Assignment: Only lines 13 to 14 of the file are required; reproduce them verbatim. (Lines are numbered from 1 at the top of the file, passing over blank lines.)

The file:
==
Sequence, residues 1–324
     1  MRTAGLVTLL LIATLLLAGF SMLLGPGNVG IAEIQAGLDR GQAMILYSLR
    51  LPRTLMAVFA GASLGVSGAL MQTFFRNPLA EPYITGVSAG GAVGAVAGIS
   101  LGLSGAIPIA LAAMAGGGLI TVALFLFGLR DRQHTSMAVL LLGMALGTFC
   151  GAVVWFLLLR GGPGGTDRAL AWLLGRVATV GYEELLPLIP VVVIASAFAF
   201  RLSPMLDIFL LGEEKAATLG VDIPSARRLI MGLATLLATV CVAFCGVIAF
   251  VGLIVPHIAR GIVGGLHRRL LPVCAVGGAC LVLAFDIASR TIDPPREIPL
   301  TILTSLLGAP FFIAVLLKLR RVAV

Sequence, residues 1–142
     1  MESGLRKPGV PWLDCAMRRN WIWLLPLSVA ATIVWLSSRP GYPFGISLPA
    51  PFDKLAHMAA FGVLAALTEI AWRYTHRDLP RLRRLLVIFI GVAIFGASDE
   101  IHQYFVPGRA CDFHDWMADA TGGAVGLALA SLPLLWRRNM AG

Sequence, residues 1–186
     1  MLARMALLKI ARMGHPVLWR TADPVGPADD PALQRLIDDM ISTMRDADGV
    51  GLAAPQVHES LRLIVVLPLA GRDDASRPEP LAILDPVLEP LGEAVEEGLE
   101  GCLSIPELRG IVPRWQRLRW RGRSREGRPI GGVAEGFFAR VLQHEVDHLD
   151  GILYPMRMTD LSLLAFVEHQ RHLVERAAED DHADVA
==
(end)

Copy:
Sequence, residues 1–186
     1  MLARMALLKI ARMGHPVLWR TADPVGPADD PALQRLIDDM ISTMRDADGV